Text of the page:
My second morning in the Bronx I wake up to the sound of rain heavy on the roof, a sound I normally love. But I’m feeling dirty, broke, and vulnerable… totally overwhelmed by this massive crumbling city. I’ve seen the place, done what I came for, and skipping town seems so much easier than the alternative: getting soaked on the walk to 170th Street Station and then wandering around downtown all day in the rain, without the money to do anything interesting.

I decide to hit the road, taking one last drive through Manhattan on my way out. I find my way across the bridge to 5th Ave and turn south.

I actually love driving in this city. There’s no expectation that you stay in your lane, or that you signal before you cut someone off, or that you obey any signs. Trucks stop wherever they want to make deliveries, and pedestrians walk blithely out in front of moving cars. Concern for others is misplaced in this town: everyone just has to do whatever’s necessary to get through the madness between A and B. It’s liberating, once you learn that it’s okay to break the rules.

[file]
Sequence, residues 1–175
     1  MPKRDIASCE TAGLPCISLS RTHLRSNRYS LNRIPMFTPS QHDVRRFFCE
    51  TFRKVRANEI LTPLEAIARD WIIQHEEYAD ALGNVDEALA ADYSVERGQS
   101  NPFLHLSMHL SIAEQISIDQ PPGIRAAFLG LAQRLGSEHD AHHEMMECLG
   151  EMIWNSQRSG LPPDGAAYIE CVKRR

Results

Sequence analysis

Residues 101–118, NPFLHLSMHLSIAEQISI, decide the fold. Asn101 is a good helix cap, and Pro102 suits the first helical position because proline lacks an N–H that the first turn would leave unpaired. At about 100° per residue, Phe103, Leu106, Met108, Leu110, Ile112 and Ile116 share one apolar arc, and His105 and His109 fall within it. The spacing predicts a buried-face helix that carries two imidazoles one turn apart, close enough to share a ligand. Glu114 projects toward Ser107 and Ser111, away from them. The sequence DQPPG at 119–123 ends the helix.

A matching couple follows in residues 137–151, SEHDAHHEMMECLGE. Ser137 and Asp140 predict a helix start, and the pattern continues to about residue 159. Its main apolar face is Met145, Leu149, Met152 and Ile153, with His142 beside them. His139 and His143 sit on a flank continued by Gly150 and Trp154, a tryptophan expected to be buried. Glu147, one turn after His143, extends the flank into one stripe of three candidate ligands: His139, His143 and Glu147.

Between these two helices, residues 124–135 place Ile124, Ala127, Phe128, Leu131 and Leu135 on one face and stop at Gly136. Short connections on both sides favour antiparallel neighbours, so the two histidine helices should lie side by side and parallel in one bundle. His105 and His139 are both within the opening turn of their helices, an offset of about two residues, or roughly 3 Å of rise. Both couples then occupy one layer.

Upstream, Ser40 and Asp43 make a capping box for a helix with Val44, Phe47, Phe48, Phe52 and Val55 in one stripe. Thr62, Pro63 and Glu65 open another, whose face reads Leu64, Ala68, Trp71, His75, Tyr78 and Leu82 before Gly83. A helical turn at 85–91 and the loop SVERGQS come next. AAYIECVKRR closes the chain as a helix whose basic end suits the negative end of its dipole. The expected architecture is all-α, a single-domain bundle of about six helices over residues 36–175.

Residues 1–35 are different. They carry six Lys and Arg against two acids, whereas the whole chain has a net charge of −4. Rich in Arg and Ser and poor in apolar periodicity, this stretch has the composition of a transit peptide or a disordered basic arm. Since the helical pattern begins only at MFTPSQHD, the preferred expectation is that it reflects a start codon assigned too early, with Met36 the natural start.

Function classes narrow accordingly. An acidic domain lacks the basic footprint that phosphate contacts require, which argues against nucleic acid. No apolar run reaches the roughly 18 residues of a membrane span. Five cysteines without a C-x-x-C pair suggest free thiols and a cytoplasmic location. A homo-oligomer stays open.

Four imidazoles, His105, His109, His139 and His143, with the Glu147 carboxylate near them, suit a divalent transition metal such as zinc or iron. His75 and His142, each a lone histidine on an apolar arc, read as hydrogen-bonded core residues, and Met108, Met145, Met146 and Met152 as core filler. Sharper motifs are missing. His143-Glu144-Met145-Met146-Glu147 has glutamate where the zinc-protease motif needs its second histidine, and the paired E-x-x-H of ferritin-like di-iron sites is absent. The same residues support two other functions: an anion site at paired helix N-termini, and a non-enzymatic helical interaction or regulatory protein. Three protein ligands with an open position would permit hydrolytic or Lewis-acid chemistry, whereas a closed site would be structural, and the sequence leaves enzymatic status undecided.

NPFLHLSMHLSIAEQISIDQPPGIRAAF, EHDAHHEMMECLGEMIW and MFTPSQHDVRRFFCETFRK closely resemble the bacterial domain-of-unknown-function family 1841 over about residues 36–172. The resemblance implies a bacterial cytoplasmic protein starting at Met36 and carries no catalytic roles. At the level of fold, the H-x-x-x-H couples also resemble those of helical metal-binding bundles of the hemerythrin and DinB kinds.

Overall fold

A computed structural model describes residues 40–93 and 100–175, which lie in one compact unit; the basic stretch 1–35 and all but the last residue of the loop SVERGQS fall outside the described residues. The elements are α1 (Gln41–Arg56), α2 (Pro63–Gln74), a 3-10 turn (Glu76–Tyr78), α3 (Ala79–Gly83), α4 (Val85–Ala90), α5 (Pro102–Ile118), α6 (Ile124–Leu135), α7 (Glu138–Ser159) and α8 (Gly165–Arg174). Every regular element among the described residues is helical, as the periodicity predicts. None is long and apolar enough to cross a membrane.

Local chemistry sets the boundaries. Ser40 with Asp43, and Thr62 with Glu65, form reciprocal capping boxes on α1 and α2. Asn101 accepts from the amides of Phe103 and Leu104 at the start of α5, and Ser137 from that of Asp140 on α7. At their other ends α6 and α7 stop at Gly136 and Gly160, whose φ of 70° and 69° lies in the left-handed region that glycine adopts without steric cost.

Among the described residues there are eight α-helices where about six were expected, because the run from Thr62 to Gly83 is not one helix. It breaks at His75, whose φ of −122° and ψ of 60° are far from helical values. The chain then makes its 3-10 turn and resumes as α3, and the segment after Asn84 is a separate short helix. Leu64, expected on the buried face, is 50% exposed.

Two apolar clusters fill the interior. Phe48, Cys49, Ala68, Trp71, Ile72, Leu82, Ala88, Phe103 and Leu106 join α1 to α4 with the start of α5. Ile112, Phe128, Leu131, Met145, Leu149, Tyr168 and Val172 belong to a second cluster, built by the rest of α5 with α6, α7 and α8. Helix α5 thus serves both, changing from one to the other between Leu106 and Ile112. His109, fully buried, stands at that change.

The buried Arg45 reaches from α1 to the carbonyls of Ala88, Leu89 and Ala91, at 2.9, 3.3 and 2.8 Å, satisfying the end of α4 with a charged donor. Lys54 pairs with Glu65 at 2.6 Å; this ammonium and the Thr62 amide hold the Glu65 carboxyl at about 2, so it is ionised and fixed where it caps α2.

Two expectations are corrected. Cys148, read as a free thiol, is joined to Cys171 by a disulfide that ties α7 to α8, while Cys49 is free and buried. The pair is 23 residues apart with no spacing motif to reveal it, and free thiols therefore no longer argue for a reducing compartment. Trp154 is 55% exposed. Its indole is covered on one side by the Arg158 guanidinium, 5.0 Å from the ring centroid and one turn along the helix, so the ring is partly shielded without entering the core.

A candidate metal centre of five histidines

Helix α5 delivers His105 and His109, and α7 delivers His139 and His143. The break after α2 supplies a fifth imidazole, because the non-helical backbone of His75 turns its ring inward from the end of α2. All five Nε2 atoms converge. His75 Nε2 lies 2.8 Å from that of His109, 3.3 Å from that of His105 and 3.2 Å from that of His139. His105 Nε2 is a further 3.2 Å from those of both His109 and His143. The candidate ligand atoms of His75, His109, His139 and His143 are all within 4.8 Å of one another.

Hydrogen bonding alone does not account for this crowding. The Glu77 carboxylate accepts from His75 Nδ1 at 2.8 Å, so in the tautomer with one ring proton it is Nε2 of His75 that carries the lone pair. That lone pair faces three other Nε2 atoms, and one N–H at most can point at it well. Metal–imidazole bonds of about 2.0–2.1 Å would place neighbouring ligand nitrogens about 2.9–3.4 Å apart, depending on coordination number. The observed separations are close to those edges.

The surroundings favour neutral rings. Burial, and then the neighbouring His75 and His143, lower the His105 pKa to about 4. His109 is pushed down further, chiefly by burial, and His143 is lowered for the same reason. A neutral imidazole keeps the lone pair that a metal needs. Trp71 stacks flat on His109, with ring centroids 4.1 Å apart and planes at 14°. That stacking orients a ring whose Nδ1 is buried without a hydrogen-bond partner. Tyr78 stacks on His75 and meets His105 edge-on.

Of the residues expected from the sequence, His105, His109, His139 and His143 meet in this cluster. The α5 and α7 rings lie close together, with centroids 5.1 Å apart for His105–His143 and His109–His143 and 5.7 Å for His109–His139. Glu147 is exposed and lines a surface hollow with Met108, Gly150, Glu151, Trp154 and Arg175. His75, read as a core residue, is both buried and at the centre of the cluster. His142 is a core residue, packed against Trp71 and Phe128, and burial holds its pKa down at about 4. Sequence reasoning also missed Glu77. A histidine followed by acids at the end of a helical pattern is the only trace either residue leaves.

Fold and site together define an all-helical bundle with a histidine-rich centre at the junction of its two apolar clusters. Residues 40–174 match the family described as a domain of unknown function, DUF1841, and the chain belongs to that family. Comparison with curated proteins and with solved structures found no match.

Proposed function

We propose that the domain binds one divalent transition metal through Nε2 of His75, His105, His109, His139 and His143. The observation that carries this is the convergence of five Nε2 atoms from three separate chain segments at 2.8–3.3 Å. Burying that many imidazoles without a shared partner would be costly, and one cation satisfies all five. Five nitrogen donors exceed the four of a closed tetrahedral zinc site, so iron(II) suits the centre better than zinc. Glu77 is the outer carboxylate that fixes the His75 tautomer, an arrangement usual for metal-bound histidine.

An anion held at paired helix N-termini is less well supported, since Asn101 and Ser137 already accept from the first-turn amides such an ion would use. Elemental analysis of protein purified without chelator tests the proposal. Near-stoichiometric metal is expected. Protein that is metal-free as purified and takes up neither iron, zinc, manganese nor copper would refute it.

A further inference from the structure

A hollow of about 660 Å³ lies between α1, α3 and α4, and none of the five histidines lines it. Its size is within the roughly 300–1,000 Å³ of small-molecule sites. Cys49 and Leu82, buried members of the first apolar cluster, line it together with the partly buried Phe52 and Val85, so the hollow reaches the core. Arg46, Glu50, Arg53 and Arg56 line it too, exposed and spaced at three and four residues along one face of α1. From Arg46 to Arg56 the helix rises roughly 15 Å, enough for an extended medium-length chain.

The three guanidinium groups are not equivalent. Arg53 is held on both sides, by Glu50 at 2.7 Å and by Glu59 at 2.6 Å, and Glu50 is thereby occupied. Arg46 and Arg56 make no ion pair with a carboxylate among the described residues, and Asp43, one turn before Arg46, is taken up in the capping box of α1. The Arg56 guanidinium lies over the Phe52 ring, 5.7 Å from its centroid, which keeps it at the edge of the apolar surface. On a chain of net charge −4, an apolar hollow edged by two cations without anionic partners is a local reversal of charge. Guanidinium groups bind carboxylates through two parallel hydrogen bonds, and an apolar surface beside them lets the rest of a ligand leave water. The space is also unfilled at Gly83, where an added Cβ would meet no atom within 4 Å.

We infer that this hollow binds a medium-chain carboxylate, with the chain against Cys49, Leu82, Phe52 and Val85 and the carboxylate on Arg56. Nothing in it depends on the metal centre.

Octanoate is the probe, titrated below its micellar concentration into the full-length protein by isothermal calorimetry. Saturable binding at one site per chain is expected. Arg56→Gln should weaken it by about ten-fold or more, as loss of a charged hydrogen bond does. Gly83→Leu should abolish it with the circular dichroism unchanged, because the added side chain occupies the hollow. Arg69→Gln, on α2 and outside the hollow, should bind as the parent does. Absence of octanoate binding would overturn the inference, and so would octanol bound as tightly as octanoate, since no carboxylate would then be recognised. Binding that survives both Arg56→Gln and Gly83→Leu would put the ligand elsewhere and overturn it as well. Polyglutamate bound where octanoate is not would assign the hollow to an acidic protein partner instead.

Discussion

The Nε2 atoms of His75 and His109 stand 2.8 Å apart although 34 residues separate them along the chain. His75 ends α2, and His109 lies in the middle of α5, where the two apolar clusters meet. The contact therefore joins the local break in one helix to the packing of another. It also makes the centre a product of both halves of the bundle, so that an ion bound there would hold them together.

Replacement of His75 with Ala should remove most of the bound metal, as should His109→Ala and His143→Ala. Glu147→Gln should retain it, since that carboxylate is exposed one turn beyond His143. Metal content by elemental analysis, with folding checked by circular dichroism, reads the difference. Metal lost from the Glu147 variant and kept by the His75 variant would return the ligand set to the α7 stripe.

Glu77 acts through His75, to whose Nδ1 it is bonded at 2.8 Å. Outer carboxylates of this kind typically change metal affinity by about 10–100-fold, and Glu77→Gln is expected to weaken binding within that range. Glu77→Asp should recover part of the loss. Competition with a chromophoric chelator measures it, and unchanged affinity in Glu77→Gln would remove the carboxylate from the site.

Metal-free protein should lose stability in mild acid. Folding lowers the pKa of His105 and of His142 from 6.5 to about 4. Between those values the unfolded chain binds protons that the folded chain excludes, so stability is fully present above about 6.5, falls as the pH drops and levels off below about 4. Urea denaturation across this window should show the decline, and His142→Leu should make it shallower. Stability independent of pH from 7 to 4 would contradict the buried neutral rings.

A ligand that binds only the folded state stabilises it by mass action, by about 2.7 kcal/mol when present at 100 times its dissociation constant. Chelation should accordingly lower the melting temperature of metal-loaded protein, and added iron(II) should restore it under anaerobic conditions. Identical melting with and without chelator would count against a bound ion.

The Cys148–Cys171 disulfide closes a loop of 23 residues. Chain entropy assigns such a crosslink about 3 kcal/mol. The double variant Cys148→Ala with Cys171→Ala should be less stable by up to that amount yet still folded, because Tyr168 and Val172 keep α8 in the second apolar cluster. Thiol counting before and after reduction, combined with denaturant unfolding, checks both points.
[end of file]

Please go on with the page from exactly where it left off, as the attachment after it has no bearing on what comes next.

Suddenly I’m happy, swerving through the sea of cabs and buses, gawking at all the wet landmarks from my warm dry van: I see Central Park, the Met, the Guggenheim (#&@% me, that is a beautiful, beautiful, beautiful building), The New York Public Library, The Flatiron Building, Greenwich Village. Traffic is clear now but I need to stop and take another look at a map, so I turn off 7th and there, right in front of me… a parking spot. A free spot, til 9am tomorrow. This makes all the difference in the world, and I decide to stay one more day. Like magic, the rain turns to a light mist, and I spend a lovely morning wandering Greenwich Village, and the afternoon walking from times square North about 60 blocks, eventually connecting with a friend at Columbia University. She takes me to an amazing lecture by Juhani Pallasma, we have fantastic tacos with her friends afterwards, and bless her soul, she lets me use her shower. Oh my god, I feel clean and fantastic. Thank you Rand! And thank you New York, now we can part on good terms.